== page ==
Investment market update
UK stocks are expected to edge higher this morning, with investors seen avoiding strong bets ahead of the US Federal Reserve’s interest rate decision later in the day.
Asian stocks joined a global rebound as the Federal Reserve’s decision approached. The region’s stocks gained the most in two months, with Hong Kong’s Hang Seng Index climbing 2% to break its longest losing streak since 1984.
US stocks rose as the S&P 500 capped its first back-to-back gains in more than a month. Energy companies led a rally with crude oil ahead of the expected rate rise from the Federal Reserve, with Chevron Corp. and Exxon Mobil Corp. gaining more than 3.8%, taking their two-day advances to at least 6.8%.
UK stocks rose yesterday for the first time in 8 days helped by advancing shares of almost all FTSE 100 Index companies. J Sainsbury Plc rose 5.2% after retail research firm Kantar Worldpanel said the company “stands out” heading into Christmas. Peer Wm Morrison Supermarkets Plc increased 4.9%. Glencore Plc added 3% after JPMorgan Chase & Co. upgraded the stock to overweight, the equivalent of a buy.
Policymakers at the US Federal Reserve will decide on interest rates today amid widespread expectations for the first rise in nearly a decade. Federal Reserve chairwoman Janet Yellen has signalled recently that a rise in US rates is a near certainty this month after America’s central bank surprised markets in September when it voted against a change.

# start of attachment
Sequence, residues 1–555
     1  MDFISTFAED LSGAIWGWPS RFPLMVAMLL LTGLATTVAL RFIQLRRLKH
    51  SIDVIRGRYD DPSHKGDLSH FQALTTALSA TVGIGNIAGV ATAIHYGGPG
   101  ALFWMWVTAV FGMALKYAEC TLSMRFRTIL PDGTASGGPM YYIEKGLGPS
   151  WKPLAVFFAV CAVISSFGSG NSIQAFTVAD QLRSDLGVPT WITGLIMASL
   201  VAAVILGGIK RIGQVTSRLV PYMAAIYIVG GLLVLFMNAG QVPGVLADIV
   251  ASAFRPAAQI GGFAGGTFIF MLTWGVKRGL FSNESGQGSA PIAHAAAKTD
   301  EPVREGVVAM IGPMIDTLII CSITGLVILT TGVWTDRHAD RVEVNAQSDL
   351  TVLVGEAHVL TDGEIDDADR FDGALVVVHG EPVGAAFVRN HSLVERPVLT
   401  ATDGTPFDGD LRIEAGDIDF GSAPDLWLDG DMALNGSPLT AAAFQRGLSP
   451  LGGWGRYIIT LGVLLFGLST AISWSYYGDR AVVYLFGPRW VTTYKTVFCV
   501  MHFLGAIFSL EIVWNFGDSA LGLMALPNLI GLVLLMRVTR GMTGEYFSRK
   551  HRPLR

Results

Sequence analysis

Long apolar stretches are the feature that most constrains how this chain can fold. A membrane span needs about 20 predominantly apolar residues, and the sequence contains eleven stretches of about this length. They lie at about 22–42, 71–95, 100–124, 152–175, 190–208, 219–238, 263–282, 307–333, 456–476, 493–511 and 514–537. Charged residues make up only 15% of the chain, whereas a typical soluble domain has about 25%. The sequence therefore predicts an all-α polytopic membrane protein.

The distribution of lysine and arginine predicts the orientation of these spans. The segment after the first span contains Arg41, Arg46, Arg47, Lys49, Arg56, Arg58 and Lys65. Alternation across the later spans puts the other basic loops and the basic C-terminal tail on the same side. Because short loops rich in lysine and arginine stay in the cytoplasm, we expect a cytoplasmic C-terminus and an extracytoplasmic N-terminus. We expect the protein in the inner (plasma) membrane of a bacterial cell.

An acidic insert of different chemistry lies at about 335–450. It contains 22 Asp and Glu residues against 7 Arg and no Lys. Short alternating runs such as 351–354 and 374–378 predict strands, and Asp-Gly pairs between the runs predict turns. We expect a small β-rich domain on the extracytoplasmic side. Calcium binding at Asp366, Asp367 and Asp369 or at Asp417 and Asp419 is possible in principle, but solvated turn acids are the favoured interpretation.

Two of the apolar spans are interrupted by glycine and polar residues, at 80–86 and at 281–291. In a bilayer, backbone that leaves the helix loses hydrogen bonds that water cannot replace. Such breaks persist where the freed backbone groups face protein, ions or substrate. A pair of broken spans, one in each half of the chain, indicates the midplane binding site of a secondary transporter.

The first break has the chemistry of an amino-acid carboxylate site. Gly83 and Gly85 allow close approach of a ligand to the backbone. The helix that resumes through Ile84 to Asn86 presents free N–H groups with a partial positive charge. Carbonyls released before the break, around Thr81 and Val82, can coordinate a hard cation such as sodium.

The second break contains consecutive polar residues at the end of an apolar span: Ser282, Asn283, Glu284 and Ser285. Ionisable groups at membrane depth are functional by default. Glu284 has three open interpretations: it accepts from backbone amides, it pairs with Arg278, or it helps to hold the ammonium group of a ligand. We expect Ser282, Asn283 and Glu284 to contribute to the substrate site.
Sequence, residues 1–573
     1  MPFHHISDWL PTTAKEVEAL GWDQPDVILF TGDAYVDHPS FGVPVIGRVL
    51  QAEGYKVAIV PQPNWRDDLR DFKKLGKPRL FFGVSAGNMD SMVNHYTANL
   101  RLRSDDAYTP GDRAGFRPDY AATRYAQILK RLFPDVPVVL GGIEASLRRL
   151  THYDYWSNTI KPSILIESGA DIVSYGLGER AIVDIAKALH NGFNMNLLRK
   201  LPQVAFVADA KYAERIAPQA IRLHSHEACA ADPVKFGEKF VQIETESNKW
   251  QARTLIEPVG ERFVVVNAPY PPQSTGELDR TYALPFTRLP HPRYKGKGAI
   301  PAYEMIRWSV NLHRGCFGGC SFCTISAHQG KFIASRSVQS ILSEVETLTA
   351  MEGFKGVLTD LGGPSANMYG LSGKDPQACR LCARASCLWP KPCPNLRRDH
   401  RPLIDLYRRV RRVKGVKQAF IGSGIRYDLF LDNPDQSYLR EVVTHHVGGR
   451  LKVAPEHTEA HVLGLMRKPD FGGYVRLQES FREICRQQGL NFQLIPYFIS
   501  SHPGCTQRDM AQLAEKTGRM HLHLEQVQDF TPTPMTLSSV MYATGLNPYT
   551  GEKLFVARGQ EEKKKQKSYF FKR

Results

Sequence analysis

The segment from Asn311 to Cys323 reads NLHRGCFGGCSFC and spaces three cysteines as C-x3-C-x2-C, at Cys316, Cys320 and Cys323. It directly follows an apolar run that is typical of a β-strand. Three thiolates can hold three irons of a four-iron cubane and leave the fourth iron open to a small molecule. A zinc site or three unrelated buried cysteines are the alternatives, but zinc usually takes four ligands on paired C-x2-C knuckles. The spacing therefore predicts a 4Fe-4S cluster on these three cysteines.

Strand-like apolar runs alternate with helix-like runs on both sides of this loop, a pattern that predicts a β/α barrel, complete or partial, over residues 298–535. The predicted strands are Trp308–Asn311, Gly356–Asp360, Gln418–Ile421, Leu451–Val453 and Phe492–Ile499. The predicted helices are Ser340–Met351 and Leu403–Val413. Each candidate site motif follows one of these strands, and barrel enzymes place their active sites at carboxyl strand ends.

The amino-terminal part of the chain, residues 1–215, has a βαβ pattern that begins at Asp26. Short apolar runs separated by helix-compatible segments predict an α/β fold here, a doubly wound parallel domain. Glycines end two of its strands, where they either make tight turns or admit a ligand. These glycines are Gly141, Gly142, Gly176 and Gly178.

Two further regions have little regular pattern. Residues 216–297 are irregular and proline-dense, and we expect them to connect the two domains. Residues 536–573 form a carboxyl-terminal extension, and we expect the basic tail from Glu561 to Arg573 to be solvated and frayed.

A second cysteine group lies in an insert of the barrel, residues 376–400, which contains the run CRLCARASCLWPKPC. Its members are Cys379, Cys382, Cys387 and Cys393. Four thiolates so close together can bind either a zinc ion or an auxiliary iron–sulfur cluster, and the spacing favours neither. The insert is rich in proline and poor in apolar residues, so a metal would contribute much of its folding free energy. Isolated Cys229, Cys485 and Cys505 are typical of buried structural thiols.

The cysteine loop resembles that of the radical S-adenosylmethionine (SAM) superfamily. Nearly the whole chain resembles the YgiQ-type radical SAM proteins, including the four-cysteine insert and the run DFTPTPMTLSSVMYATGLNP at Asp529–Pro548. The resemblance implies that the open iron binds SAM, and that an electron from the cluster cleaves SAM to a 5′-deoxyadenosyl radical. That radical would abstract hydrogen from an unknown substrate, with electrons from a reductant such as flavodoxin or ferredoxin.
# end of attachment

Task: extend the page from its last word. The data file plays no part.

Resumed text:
The Bank of England has again expressed concern about the UK’s buy-to-let property market. The Bank’s governor, Mark Carney, said he was concerned about high levels of lending to landlords and that the Bank would take action. ‘There are a number of things happening … we are watching it closely and we will take action,’ he told the FT.
Less than two weeks after the European Central Bank president unveiled a beefed-up stimulus program to push inflation back toward its 2% target, fresh falls in the price of crude may have already undermined his efforts. Analysts at Nomura International Plc and JPMorgan Chase & Co. say Draghi’s December forecast of 1% average inflation in 2016 may be too ambitious.